Airbus and LM Industries form 3D printing digital mobility startup Neorizon

International aerospace giant Airbus, and San Francisco-based digital OEM LM Industries (LMI), parent company of Local Motors and Launch Forth, have partnered to form Neorizon, a digital mobility startup. 

The new collaborative venture between the two firms aims to provide innovative products with a focus on autonomous mobility. Both firms will bring their respective expertise in digital manufacturing, 3D printing and co-creation to create new mobility solutions for rapidly changing urban environments. 

Neorizon will be headquartered at Airbus’ Ludwig-Bölkow-Campus near Munich, Germany, where a microfactory will be built for the company’s manufacturing operations as well. 

“Every local and state government is faced with challenges such as rapid urbanization and congestion, inefficient and pollutive transport, and ever-changing and evolving technology,” explained Jay Rogers, CEO and founder of LM Industries. 

“Current transport infrastructure and existing mass manufacturing are too inflexible and capital intense to service evolving technology trends and changing consumer demands.”

Olli 2.0, a 3D printed connected electric autonomous shuttle. Photo via Local Motors.
Olli 2.0, a 3D printed connected electric autonomous shuttle. Photo via Local Motors.

3D printing at LM Industries and Airbus

Neorizon will pool together the resources, technological innovations and expertise of Airbus and LM Industries in order to “answer the globe’s most pressing mobility and manufacturing concerns.” The intention is to allow Neorizon employees to create unique mobility solutions utilizing the advanced capabilities of both companies, like LMI’s open, AV shuttle platform and Airbus’ positioning system for drones. Both also have experience employing 3D printing and other advanced manufacturing solutions to create their products. 

LM Industries formed in 2018 when Local Motors, an Arizona-based automotive OEM, and its spinout co-creation platform Launch Forth restructured underneath the new parent company. Local Motors is known for developing 3D printed autonomous electric vehicles, like the Olli shuttle and Strati car. The Launch Forth platform helped to create the 3D printed Olli bus, as well as other vehicles featuring additive manufactured parts, like FATHOM’s Modular Logistics Vehicle (MLV) for the United States Marine Corps (USMC).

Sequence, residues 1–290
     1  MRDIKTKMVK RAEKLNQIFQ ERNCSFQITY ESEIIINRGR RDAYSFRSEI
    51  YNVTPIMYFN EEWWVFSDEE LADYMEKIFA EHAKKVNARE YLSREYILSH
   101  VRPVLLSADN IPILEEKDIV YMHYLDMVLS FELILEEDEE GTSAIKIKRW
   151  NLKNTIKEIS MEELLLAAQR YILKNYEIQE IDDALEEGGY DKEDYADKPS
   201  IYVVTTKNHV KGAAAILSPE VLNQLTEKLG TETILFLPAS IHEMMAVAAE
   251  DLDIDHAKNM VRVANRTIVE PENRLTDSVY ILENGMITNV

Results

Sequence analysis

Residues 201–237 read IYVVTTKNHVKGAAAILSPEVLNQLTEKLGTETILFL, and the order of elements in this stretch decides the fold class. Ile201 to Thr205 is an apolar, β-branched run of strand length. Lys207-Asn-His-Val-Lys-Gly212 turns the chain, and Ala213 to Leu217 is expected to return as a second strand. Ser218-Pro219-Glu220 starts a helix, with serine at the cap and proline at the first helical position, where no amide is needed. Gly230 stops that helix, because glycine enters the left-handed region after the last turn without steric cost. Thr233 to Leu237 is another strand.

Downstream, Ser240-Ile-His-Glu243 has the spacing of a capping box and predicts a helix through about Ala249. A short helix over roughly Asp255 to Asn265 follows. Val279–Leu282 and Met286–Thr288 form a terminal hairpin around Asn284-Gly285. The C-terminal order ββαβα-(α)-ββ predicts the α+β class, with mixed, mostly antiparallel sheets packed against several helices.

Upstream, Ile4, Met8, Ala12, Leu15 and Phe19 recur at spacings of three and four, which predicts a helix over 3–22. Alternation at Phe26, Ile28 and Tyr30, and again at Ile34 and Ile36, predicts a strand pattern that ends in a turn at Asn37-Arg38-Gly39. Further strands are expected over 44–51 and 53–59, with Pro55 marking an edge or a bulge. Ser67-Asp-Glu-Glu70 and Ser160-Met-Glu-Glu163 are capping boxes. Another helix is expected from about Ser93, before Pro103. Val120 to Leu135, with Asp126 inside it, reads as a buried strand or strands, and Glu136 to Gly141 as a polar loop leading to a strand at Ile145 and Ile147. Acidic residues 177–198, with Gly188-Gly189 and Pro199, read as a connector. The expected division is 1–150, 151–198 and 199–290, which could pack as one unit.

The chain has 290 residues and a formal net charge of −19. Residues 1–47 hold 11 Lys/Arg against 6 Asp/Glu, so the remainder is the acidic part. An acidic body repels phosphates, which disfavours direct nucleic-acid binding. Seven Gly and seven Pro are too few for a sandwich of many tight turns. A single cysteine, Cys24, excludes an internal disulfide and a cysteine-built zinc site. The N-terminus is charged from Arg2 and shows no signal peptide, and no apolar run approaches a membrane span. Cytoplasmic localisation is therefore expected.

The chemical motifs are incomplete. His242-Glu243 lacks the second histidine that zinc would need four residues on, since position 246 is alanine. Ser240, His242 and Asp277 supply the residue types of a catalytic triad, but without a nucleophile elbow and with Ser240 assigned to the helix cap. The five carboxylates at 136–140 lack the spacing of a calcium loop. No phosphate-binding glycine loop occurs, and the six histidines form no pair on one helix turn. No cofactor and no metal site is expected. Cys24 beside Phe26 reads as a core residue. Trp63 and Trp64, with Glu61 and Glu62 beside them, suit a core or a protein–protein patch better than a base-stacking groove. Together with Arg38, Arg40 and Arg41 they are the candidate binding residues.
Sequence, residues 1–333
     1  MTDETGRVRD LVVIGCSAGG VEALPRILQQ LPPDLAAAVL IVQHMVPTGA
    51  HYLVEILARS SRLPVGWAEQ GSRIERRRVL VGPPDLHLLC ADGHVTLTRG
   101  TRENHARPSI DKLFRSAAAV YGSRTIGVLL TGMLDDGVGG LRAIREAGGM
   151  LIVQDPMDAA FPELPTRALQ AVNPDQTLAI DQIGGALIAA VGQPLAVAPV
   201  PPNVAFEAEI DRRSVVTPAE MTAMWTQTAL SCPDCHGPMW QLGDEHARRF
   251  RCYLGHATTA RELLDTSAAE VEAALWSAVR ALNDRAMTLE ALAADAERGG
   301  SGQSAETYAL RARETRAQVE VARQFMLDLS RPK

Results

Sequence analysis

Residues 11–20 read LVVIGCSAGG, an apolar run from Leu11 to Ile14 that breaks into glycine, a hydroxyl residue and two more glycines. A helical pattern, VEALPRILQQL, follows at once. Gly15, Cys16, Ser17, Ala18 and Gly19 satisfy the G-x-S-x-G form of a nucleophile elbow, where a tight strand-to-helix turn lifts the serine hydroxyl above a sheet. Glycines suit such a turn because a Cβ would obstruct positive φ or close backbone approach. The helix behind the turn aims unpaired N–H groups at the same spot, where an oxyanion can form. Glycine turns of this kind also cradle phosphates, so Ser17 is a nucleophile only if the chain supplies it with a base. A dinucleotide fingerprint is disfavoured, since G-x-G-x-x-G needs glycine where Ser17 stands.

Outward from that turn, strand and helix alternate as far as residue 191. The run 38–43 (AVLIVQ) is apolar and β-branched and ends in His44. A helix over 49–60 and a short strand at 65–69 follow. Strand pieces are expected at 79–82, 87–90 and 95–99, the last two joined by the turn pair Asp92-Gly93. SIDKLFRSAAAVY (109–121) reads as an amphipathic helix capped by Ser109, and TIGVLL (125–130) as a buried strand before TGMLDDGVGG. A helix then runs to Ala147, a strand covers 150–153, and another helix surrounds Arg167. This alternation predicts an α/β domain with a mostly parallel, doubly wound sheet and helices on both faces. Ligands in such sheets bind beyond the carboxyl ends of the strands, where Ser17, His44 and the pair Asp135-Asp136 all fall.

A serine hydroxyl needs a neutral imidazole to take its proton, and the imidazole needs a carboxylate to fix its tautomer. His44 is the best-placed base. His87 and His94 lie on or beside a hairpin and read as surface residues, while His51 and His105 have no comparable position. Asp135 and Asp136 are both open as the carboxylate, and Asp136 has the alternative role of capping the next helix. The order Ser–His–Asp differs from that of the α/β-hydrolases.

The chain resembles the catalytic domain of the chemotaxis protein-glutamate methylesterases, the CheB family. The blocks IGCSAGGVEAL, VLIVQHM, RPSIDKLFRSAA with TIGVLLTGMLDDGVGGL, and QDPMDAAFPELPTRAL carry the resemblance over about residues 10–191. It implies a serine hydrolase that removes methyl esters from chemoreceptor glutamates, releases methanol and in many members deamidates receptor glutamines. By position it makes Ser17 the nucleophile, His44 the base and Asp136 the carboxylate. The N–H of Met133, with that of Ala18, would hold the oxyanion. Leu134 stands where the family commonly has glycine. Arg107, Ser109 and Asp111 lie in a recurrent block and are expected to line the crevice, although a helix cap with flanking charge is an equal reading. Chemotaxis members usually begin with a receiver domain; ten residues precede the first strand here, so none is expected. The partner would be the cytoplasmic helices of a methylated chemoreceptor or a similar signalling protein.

Airbus also has an extensive history in using additive manufacturing both for prototyping and end-use parts aboard its vehicles. In 2016 it was revealed that the company had over 1000 3D printed parts in service on the Airbus A350 XWB aircraft. Since then, Airbus has continued to ramp up its 3D printing operations. In February 2019 Swiss OEM Liebherr-Aerospace was announced as a new supplier of serial produced 3D printed parts for the Airbus A350 XWB. The company recently partnered with Santa Fe-based additive manufacturing software developer Sigma Labs to help qualify metal 3D printing for aerospace as well. 

“We’ve been working with LM Industries’ team at Local Motors since early 2016 when we realized the unique value proposition surrounding direct digital manufacturing and open-source design,” says Peter Weckesser, Digital Transformation Officer of Airbus Defence and Space. 

“Both parties recognized the commercial opportunities for pooling resources and expertise, specifically combining LM Industries’ digital manufacturing with Airbus’ materials expertise, metal 3D printing and additive manufacturing, and prototyping and serial production capabilities.”

An Airbus XWB A350-1000 aircraft. Photo by S. Ramadier, Airbus
An Airbus XWB A350-1000 aircraft. Photo by S. Ramadier, Airbus

Turning to micro manufacturing for efficient product iteration

Neorizon’s headquarters at the Ludwig-Bölkow-Campus will also see it located in conjunction with an Innovation Campus, including a new Technical University of Munich Campus. The new microfactory is expected to introduce between 150 and 200 jobs, as well as design and engineering apprenticeship opportunities. It is designed to “build products at unprecedented speeds through the combination of co-creation and cutting-edge technology.” The microfactory will be used to iterate products on a regular basis in order to continuously meet the needs and preferences of the customer. 

Benjamin Queisser has been appointed as the CEO of Neorizon. He is a senior executive with international business experience across various industries including automotive, energy, medical devices, and engineering solutions. Queisser is joined by Albert Ishak, CFO, previously Financial Controller within the Airbus A400M program. 

“Together with our employees, shareholders, and leading mobility and innovation companies in Germany and abroad, we will address local mobility issues by rapidly producing concepts, prototypes, products, and solutions, in collaboration with the local technological ecosystem,” stated Benjamin Queisser, Neorizon CEO.

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Featured image shows the Airbus Skyways drone lifting off. Photo via Wilhelmsen.



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